The role of immigrants in the American job market has long been a contentious political issue. Cutting through the noise, a team of researchers from MIT, Northwestern University, the University of Pennsylvania, and the US Census Bureau crunched the data in order to measure the impact of immigration on the US labor market.
Their article, published in American Economic Review: Insights, found that immigrants more often play the role of “job creators” than “job takers” at every level of business: they tend to start more successful small, medium, and Fortune 500 companies than American-born entrepreneurs—and they also tend to pay (slightly) higher wages.
Let’s take a look at what they found.
The notion that immigrants “take jobs” is part of a longstanding bias in American culture—the authors found evidence of this sentiment dating back to at least 1963. Today, immigration remains a wedge issue between political parties. As the authors show, the immigration myth is untrue: studies reveal that mass migration brings with it substantial per-capita income gains.
That said, nothing in this paper speaks to border issues or legal versus illegal immigration, nor competing political philosophies. The focus is on jobs—how immigrants fare as both workers and founders of firms.
For their research, the authors pulled data from three sources:
- Administrative records for every US-founded firm between 2005-10
- The US Census’s Survey of Business Owners
- The Fortune 500
These data sets allowed the researchers to study businesses of every size. They then coded the founders as either US-born or immigrant.
The top-line results:
- Immigrants start firms at higher rates than US-born individuals
- Immigrants start businesses at every size, not just small firms (as is sometimes perceived)
- Immigrants disproportionately hold STEM degrees
- Immigrants disproportionately account for US patents (firms with an immigrant founder are 35% more likely to hold patents)
As many firms have co-founders, which could produce a mix of immigrant and native individuals, the authors bucketed immigrant-only firms, then looked at the “lead” individual of companies that have a variety of founders. They countered by including the highest-paid individual or the founder with the most ownership shares. For more complex companies, they used a proportional assignment.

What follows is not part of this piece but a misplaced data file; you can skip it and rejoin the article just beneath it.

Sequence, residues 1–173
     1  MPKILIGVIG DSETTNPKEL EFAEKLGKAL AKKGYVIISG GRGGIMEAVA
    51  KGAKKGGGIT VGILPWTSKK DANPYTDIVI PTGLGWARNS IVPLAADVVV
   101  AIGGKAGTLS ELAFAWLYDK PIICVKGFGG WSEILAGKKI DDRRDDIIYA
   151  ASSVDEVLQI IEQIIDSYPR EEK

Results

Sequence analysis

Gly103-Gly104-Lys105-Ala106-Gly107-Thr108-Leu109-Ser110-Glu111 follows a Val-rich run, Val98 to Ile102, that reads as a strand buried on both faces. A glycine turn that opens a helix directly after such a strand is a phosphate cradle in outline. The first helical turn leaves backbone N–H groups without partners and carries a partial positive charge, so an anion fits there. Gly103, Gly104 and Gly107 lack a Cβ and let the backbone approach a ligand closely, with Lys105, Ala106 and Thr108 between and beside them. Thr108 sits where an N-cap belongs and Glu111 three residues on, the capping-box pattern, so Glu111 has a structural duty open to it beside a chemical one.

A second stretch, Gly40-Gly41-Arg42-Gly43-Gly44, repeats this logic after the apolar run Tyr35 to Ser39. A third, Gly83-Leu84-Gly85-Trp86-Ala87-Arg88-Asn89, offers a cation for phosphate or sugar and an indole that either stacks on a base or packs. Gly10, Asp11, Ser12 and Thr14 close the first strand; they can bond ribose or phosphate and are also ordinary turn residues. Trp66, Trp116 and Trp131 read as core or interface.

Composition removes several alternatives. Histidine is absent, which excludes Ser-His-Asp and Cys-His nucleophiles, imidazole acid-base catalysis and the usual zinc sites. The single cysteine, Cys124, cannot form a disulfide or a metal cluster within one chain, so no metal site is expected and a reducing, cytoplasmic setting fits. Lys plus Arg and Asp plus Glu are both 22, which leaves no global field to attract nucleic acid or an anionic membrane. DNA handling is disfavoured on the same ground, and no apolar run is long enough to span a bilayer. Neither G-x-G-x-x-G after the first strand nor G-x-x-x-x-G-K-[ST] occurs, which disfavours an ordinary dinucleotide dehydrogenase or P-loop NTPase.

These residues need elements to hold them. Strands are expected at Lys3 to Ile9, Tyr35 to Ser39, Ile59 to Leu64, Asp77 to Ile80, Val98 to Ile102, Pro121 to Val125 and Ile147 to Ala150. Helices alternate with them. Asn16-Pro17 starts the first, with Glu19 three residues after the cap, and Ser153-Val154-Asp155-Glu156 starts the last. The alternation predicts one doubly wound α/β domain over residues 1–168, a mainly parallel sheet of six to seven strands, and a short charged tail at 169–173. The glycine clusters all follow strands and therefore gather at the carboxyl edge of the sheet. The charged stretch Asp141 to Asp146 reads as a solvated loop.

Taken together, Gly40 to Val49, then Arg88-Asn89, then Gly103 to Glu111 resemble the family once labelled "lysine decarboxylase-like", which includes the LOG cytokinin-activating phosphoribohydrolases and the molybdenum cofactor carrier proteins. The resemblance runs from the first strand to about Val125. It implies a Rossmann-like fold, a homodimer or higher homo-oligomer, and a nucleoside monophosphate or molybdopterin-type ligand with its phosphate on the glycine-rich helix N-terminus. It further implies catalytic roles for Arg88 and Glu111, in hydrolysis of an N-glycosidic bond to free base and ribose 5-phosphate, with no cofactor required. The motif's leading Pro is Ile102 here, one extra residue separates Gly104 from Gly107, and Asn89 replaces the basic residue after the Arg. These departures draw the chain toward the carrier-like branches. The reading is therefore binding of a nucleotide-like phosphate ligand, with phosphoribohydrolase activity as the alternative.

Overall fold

This follows up on research conducted by the Center for American Entrepreneurship, whose 2017 report found that 43 percent of Fortune 500 companies were founded or co-founded by immigrants (or their children). On a more granular level, the report discovered that immigrant-founded firms comprise 52 percent of the top 25 Fortune 500 companies.
In their book, Good Economics for Hard Times, economists Abhijit Banerjee and Esther Duflo point out four reasons why immigrants are important workers and job creators:
- Newcomers spend money, which translate into more local jobs
- Human labor slows down the process of mechanization
- Immigrants tend to take low-skilled jobs, which has the knock-on effect of bumping other workers in these fields up to higher-skilled positions
- Immigrants are willing to take jobs that others aren’t willing to do, fulfilling necessary functions in that region
Seeing the future
All told, immigrants are highly entrepreneurial and their firms pay slightly higher wages (0.7%) than businesses run by native-born individuals. As they write,
Overall, these findings suggest that immigrant founders not only are substantial job creators but also do not appear to create lower paying jobs.
The authors found that immigrant-run companies are more prevalent in Silicon Valley, and that they produce high social returns from innovation investments as well as raise standards of living by focusing on technological solutions.
Interestingly, the researchers speculate that immigrants could be influenced by America’s “frontier spirit” and are less risk-averse than native-born individuals. Whether their entrepreneurial spirit comes from necessity—immigrants have fewer opportunities for employment, and so start companies—or by other cultural factors remains an open question.
In conclusion, the authors hope this research will help alleviate tensions between labor analysis that dominate headlines and influence political division. Instead of depressing wages and taking jobs, the data support immigrants as job creators that drive society forward.
As they conclude,
Immigration can not only raise workers’ wages but also lower income differences between a worker and a given business owner. Embracing these dimensions in further research can help develop an increasingly full picture of migration and its effects.